Wednesday, August 16, 2017

Ruben Östlund's problematic "The Square" awarded Palme d'Or at Cannes

By Moira Sullivan

Terry Notary's problematic ape mimicry 
The Square by Ruben Östlund from Sweden won the Palme d'Or at the 2017 Cannes film festival. It is a film that will work best in Sweden since its provincialism will be better understood. Outside of Sweden it may seem like it is a provocative film because when the dialogue is translated it might make it seem better than it actually is. But I speak Swedish and was disappointed with the film for many reasons.

Let's start with the roles for women. Most of the women wear extremely high heeled shoes, even middle age women, and have minor roles as secretaries or assistants. The female executive director of the museum is ridiculed and called crazy. The major female role of the film, Anne, played by Elisabeth Moss is so ridiculous that it is hard to believe that she agreed to it. She plays a foreign journalist who lives with a chimpanzee shown in one scene applying lipstick to its nose, peripherally reinforcing Östlunds preoccupation with apes elsewhere in the film. Anne interviews the curator of a Swedish art museum, Christian (Claes Bang) and has only one question about the inherent contradictions of the current exhibition. Christian’s answer is over simplified and the example used to illustrate it condescending. Moss is briefly in the film for an acrobatic one night stand and forgotten about after than – an empty sign in a communication system composed of male artists. There is nothing innovative about the male gaze of this scene.

The actual goings on at the museum includes a character with Tourette syndrome who interrupts the face to face with the public and Julian, a visiting artist played by Dominic West, also briefly on screen. The cinematography is theatrical meant for the stage. The current museum run by Christian, called the "X Museum" is actually the Royal Castle of the Kingdom of Sweden. Some of the rooms are used for a heavy drinking party where Christian and Ann hook up, and also for a posh dinner. The second instance of the use of women as exchange objects occurs with the character of Oleg, played by Terry Notary who has done chimpanzee characters in blue screen for films such as Rise of the Planet of the Apes. You can clearly see Bright Eyes and Rocket in his role as a disturber at the dinner. Oleg hassles the guests such as Julian, but in particular a woman who is dragged by the hair across the floor in neanderthal fashion demonstrating his mastery over the female body, and is then attacked by the men in the room defending the white woman. (Oleg's ape mimicry is part of a video installation at the museum, not unlike the historic collections of apes and gorillas in collections).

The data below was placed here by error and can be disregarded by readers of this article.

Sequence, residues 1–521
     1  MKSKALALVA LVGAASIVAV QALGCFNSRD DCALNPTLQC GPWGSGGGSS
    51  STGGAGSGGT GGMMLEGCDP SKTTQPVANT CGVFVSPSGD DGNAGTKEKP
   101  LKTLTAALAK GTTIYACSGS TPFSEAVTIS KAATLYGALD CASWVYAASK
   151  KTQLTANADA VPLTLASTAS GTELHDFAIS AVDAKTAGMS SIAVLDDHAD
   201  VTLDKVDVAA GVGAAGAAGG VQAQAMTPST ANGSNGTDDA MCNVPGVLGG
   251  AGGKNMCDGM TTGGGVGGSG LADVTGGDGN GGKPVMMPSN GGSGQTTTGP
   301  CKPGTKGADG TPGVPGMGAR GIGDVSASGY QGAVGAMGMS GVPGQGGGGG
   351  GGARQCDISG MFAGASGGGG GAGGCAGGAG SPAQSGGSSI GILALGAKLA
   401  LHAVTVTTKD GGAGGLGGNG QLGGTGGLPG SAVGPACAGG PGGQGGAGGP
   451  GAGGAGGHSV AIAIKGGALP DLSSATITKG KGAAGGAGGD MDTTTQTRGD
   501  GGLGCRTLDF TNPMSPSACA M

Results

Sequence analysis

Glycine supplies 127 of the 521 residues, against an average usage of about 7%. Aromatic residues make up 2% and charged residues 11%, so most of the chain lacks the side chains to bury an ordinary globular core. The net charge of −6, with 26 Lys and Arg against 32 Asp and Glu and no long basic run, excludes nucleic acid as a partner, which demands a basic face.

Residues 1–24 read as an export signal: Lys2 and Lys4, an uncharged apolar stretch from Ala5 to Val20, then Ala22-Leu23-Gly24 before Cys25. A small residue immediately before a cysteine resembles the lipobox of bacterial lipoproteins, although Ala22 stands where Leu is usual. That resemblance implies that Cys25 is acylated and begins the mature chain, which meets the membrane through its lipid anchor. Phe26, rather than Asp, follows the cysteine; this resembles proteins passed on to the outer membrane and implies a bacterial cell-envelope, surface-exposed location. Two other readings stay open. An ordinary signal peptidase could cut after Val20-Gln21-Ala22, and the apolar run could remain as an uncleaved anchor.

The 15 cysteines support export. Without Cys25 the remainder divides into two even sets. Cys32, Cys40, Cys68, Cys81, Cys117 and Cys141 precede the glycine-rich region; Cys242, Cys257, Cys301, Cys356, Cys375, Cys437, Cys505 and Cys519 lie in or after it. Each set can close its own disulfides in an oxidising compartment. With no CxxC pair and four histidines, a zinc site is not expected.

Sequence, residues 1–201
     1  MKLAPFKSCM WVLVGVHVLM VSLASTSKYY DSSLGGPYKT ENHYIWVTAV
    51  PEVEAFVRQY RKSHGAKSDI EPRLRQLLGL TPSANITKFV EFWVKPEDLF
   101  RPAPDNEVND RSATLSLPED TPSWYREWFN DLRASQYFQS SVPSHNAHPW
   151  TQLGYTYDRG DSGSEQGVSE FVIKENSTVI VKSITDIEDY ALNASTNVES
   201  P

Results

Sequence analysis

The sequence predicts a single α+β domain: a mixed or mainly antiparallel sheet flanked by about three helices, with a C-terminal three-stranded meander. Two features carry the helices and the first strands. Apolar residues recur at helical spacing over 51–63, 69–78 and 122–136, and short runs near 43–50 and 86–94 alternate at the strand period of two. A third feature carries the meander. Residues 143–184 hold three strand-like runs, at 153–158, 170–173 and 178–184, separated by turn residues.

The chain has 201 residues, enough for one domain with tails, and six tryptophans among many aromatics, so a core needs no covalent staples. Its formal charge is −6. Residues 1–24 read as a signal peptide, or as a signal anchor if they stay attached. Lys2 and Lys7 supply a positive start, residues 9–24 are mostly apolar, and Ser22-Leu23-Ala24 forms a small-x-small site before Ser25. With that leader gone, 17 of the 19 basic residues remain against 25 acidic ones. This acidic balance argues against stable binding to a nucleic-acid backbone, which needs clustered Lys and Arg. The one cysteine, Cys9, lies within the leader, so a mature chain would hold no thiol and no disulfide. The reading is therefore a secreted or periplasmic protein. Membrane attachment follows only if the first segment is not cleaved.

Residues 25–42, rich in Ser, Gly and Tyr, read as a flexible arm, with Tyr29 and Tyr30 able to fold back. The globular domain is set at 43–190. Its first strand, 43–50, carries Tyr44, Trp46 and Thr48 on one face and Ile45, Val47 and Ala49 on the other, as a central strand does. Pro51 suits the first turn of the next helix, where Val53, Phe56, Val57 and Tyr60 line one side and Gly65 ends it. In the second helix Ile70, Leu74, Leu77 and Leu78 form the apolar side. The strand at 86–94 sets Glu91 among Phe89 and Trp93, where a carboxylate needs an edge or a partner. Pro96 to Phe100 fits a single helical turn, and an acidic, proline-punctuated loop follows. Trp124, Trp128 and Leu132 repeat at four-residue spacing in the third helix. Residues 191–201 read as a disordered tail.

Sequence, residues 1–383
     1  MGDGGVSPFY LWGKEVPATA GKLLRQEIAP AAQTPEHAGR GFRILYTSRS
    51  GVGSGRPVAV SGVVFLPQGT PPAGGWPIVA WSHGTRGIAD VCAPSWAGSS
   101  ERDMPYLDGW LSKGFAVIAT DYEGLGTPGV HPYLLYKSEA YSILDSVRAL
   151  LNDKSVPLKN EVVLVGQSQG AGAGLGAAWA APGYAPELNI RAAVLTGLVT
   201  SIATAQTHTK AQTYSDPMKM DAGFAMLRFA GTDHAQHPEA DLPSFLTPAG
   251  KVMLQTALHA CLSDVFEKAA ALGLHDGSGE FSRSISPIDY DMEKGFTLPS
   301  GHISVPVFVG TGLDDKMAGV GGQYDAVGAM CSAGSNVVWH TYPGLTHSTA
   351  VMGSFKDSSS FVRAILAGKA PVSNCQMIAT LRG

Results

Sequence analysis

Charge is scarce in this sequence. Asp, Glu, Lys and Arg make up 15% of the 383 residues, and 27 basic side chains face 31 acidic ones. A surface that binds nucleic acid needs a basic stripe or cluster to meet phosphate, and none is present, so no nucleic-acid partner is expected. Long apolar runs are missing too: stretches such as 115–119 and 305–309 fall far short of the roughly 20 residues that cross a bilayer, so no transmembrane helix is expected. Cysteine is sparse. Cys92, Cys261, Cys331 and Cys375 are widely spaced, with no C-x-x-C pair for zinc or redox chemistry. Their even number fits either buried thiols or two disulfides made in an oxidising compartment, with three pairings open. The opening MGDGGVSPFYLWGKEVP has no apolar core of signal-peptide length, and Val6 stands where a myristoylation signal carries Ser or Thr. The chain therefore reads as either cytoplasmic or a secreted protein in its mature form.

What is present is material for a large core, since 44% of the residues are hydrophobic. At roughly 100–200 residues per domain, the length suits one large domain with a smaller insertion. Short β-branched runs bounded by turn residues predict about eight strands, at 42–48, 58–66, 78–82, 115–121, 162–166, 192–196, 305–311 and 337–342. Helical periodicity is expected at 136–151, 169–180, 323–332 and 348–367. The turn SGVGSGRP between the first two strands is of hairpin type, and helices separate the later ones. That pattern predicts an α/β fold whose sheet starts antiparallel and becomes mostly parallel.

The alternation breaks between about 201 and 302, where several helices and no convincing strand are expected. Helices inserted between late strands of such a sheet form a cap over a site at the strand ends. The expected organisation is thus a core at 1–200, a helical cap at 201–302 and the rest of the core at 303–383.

The Square is part of an exhibition plan gone wrong where everything is allowed within the parameters of a "square" with "trust and care". The young media technicians hired to promote the exhibition decide to put a blonde child in the square and blow her up on YouTube. It  receives mega hits and causes a public outcry. This way of addressing the internal issues of Sweden by using indigenous Swedes (the young blonde child) to drive home the problems with immigrants is both shoddy and ostentatious. Östlund makes ample use of Rumanian gypsies in Stockholm as minor characters as well.

When Christian’s phone is stolen it is located in a suburb through a trite plot device - a "find my phone" app. To find the actual thief, he puts an accusatory and reprimanding letter in every person’s mailbox in the building demanding it be returned to a "7-11" near the central train station in Stockholm. A young immigrant boy shows up to demand an apology for the letter.

It turns out that The Square is far from the subject of trust and care and is more concerned with breaking boundaries and abuse within a trendy, clichéd art world told through the megamania of modern gadgets such as cell phones apps and YouTube. Östlund's problematic "imperial gazing"  of a culture ("white, Western, male, and heterosexual, privileging the gaze of the 'master subject' over others") looking at its own subcultures, his representation of women and his fascination with apes - Ann's pet, and Terry Notary's ape mimicry - the film's poster icon - is disturbing dramatic filler for a film awarded a Palme d'Or.

Östlund, Bang, Notary and Moss at Cannes in May.

When accepting his award at Cannes on May 28,  Östlund demanded that the cameras be directed toward the audience who he instructed to give a loud cheer.  Neither the cameras nor the audience did as he requested, at which point he announced, "I am the director, you have to do what I say".  They complied, however reluctantly, but it was an uncomfortable moment for many at the final ceremony of the 70th Anniversary of the Cannes Film Festival.

Östlund has been incorrectly compared to Bergman by critics who have not done their research,  for the only thing the two have in common is that they are directors from Sweden. However,  a Swedish director that comes to mind is Roy Andersson with his tableaux arrangement of vivid and unique scenes with organic unity. Andersson's  award winning films (Songs from the Second Floor, 2000) come from years of making television commercials. Alas, The Square is an attempt to refine staged scenes within a hubristic facade of thematic development.

Ruben Östlund's fascination with apes
© 2017 - Moira Sullivan - Air Date: 08/16/17
Movie Magazine International